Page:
A basic algorithm for encrypting / decrypting one block of data .Encryption begins with an initial permutation (IP), which scrambles the 64-bit plain-text in a fixed pattern. The result of the initial permutation is sent to two 32-bit registers, called the right half register and left half register. Those registers hold the two halves of the intermediate results through succeeding 16 iterations. The contents of the right half register are permuted (permutation E) and sent to an exclusive-OR unit along with the sub-key for each iteration. Note that some bits are selected twice, allowing the 32-bit register to expand to 48 bits. The 48-bit output of the exclusive-OR block is divided into eight groups (6-bits each) to address eight substitution memories (S-boxes). A permutation P is applied to 32-bit output from S-boxes and then feed into an exclusive-OR block along with the contents of the left half register. The output of this block is written into temporary register, concluding the first iteration.

At the next clock cycle, the contents of the temporary registers are written into the right half register and previous contents of the right half register are written into left half register. This process repeats through 16 iterations. After the 16 iterations, the right half and left half register contents are subjected to a final permutation IP1, which is the inverse of the initial permutation. The output of IP1 is the 64-bit cipher-text.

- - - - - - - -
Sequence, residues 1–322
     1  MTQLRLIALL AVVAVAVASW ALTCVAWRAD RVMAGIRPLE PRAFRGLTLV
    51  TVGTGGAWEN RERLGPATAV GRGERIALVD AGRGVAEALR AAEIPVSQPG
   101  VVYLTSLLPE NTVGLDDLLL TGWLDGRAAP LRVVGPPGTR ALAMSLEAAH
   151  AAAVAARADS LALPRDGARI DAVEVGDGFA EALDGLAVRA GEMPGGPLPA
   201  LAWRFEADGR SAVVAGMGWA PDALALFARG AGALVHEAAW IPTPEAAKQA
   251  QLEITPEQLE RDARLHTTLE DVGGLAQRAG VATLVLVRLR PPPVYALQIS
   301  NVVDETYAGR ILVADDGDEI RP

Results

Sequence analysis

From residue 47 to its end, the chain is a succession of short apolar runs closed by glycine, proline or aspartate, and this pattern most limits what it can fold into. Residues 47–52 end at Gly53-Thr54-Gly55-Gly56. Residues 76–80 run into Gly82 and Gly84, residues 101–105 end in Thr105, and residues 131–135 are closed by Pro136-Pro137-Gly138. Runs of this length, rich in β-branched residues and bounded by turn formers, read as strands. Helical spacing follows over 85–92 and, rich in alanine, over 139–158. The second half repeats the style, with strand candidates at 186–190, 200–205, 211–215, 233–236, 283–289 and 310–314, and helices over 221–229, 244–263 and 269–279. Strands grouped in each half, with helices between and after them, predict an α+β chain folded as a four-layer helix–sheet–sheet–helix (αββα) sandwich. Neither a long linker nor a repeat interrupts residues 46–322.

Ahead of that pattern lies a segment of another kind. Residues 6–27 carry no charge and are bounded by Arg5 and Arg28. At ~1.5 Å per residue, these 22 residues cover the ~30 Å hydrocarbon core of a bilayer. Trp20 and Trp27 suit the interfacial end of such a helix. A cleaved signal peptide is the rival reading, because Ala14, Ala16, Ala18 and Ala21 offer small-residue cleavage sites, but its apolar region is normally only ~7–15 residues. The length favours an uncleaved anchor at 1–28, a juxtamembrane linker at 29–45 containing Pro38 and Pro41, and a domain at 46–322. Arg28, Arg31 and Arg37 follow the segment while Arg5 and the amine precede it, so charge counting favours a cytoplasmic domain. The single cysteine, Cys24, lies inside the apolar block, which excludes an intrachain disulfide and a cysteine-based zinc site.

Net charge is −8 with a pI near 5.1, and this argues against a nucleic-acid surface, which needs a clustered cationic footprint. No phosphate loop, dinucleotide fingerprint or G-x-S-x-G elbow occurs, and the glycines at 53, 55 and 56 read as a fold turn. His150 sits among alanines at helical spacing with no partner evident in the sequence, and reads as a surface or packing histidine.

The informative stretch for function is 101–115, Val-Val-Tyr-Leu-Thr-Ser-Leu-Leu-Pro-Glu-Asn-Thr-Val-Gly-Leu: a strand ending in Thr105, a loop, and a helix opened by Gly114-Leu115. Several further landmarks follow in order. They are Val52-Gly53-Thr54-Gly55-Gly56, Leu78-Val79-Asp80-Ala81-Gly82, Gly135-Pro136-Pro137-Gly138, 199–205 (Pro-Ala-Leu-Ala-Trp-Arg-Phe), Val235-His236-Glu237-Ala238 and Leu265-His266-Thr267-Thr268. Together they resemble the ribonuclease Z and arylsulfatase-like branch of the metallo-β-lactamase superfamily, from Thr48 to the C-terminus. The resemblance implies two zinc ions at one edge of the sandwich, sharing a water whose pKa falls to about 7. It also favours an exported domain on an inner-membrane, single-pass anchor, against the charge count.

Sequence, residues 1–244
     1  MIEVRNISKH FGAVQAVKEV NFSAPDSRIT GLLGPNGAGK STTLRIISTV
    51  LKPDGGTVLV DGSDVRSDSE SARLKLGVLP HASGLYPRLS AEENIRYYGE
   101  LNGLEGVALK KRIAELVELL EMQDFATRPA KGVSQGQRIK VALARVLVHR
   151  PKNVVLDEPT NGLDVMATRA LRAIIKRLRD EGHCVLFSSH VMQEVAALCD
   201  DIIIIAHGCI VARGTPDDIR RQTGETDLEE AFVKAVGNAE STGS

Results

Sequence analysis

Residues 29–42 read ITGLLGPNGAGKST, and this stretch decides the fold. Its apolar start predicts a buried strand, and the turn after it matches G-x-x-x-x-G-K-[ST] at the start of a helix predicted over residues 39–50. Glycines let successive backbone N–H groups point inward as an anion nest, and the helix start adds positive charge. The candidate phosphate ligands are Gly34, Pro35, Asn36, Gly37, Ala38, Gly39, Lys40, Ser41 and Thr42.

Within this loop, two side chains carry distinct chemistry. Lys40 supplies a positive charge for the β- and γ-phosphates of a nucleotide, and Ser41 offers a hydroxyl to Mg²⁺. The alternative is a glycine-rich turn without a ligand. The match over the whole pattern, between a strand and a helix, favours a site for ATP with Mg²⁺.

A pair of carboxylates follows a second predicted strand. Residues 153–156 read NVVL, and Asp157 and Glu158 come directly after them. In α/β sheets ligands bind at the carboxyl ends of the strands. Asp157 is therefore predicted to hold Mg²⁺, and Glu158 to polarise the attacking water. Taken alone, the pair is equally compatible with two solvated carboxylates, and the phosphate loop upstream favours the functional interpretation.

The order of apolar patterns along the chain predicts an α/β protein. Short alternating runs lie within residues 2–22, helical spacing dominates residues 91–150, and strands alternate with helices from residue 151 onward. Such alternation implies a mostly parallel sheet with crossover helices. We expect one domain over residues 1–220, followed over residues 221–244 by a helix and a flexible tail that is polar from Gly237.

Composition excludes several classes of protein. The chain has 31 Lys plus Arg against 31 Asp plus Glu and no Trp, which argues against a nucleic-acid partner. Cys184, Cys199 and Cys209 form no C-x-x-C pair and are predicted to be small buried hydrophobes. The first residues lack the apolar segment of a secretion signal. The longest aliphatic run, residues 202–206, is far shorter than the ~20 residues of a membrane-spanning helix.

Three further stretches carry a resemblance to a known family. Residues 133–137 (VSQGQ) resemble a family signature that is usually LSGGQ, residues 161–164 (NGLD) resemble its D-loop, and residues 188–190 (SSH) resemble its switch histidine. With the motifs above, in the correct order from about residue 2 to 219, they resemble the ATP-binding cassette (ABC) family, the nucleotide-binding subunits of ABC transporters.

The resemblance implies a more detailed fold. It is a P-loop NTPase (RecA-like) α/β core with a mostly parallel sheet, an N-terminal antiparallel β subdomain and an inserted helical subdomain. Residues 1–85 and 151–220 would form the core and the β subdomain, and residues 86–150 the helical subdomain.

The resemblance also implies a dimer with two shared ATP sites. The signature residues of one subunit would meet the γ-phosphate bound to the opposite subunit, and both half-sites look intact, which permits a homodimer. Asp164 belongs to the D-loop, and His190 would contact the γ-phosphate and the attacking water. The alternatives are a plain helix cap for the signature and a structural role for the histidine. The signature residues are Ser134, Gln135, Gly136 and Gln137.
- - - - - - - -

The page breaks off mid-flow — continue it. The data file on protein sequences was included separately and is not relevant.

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2.2 International Data Encryption Algorithm


International Data Encryption Algorithm (IDEA) is a block cipher; it operates on 64 bit plaintext blocks and uses 128-bit long input key K. The design philosophy behind this algorithm is mixing operations from different algebraic group. The 64-bit input block is divided into four 16-bit sub-blocks: X1, X2, X3, and X4, which become the input blocks of the first round of the algorithm (figure 1). There are a total of 8 rounds. In each rounds, the four sub-blocks are XORed, Added, and multiplied with one another and with six 16 bit sub-blocks of key material. Between each round the second and the third blocks are swapped. Finally the four sub-blocks are combined with four sub-keys in an output transformation. The following are the basic operation used. Bit-by-bit exclusive-OR of two 16-bit sub-blocks;
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Addition of integers modulo 2 where the 16-bit sub-block is treated as an unsigned integer.
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Multiplication of integers modulo 2 + 1 where the 16-bit sub-block is treated as an


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unsigned integer except that all-zero sub-block is treated as representing 2 .